HSBC denies US Senate accusations of corruption

HSBC has strongly defended itself against a US Senate report into foreign corruption and US interests which is critical of the bank's lax anti-money laundering measures.

A bank spokesman said: "Some of the claims in the report are more than 10 years old," adding: "most of the situations complied with both the spirit and the letter of the law".

He was not aware of any plans to launch an investigation into the claims made by the Congressional report which was issued on Thursday. The report criticises oversights at other big institutions including Bank of America, UBS's London subsidiary and Citibank London.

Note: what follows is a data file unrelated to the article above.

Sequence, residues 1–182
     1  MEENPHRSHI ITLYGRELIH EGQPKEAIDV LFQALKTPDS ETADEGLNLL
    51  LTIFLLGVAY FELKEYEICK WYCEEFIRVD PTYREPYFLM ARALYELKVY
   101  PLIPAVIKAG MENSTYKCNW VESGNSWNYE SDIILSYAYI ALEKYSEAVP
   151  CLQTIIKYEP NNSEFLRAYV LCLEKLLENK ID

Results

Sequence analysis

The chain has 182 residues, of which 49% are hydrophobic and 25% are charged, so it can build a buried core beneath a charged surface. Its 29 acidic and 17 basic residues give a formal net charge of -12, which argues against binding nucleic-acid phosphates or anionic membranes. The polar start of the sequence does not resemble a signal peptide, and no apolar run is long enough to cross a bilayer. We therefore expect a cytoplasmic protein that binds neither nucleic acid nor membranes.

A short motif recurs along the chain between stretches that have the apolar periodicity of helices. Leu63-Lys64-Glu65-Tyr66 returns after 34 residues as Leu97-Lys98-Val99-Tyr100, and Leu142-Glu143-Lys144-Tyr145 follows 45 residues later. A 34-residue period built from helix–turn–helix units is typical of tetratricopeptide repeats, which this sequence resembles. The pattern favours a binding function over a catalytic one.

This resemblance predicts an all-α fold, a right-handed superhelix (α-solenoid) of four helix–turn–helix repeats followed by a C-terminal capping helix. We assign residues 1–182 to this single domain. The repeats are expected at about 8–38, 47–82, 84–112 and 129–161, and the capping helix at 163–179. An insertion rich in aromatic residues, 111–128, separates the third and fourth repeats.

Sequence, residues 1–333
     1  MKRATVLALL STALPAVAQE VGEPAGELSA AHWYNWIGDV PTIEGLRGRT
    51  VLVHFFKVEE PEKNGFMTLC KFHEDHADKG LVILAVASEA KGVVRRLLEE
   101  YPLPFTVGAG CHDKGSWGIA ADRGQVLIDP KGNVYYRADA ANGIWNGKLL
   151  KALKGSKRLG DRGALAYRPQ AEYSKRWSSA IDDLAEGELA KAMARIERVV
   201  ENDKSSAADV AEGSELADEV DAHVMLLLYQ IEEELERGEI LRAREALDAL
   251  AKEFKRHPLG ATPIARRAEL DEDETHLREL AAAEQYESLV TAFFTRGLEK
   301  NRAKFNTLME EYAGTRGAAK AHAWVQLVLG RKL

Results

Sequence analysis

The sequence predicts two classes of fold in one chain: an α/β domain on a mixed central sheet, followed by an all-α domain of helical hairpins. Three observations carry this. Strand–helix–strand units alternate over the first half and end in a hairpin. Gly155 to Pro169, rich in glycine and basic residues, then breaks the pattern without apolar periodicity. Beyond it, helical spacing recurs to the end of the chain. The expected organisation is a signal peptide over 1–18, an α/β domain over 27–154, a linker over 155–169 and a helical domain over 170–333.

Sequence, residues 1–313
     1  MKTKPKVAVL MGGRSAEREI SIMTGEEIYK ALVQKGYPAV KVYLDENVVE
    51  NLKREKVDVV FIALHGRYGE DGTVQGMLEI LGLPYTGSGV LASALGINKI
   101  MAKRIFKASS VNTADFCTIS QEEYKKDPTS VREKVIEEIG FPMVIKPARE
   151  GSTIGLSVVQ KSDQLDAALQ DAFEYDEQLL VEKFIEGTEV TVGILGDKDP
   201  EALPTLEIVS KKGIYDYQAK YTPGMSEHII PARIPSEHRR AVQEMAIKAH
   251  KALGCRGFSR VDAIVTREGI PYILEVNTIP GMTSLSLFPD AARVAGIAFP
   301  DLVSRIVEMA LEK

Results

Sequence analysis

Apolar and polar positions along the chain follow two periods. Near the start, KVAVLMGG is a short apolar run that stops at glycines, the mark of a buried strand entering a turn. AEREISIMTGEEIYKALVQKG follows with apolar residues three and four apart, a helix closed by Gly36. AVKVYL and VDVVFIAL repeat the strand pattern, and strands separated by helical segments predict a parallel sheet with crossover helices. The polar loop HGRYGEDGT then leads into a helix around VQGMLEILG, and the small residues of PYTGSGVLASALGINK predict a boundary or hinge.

The relationship between HSBC and Collins Bongo, the daughter-in-law of the late Gabonese dictator Omar Bongo, was one of the failings highlighted in the report. Ms Bongo, who claimed to be an unemployed homemaker on HSBC registration documents, allegedly received transfers worth $350,000 from a front company based in Benelux countries.

Emails released to the subcommittee show confusion at the bank meant Ms Bongo was not correctly identified as a relative of a public official and did not receive an appropriate level of scrutiny.

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